As New Jersey continues to emerge from the recession, observers are noticing changes in the commercial retail real estate landscape: Bigger isn’t better, but variety is. And for the time being, it’s a tenant’s market.
In 2002, vacant storefronts represented about 2 percent of the shopping corridors in the central and northern parts of New Jersey. Buildings didn’t stay empty for long. Because space was at a premium, rents were high.
When big box stores such as Bradlees or Caldors went out of business, other enterprises like Kohl’s or Home Depot moved in.
But as the dark clouds of the recession roiled over New Jersey, large and small retailers became tentative. A survey of lease renewals by CoStar Group, a commercial real estate information company, showed 10-year lease renewals for retail outlets began plummeting in 2005, while one-year leases climbed dramatically.
Ryan McCullough, a vice president at CoStar, said it was as if stores had been placed on “a waiting list for foreclosure.” Parent companies wanted to take a wait-and-see approach before making long-term commitments. At the same time, landlords, looking to hold on to their tenants, lowered rents.
By the fourth quarter of 2006, the vacancy rate had risen to 7.6 percent and rents were $20.92 per square foot, according to CoStar. In the first quarter of this year, however, the vacancy rate is 6.6 percent while rents average $19.37. And lease lengths are showing signs of growing longer again.
“Think of it as a sign of retailer confidence,” said McCullough.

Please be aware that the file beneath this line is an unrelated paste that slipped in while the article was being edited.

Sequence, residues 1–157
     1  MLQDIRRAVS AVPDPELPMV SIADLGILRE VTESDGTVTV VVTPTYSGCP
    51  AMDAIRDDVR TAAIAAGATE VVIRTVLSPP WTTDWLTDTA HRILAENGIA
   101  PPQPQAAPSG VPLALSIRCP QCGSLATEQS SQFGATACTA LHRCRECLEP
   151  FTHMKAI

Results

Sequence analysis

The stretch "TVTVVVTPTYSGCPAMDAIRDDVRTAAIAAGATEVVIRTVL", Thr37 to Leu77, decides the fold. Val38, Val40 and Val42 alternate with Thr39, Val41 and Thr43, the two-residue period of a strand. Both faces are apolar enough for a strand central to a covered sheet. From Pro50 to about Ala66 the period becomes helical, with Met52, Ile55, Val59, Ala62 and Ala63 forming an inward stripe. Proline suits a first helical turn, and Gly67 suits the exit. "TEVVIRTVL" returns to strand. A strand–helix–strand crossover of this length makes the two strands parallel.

Marta Villa, vice president of CBRE, a commercial real estate firm, said, “One reason for the longer lease is the lower rents brought on by the recession. If (a retailer’s) lease is coming due in the next 24 months, they want to get in there and tie up that space.”
Villa said it is part of the new mantra in the commercial real estate market: “blend and extend.” In addition to extending leases, she said landlords are also willing to shake up the mix of outlets on a property.
Landlords have “become more receptive to filling space with nontraditional uses, like fitness centers, or day care or medical centers,” she said. “Gyms are one of the major retail sectors on the move.”
Fast food franchises are also growing rapidly in New Jersey, Villa said, as well as quick-serve restaurants like Smashburger or Chipotles.
Part of the uptick in activity is the lower rents
“A couple of years ago, we were fielding a lot of rent reduction requests,” said Matt Harding, president of Levin Management. “We reviewed them and we did work with tenants. But over the past 12 months, the number is slowing, absolutely.”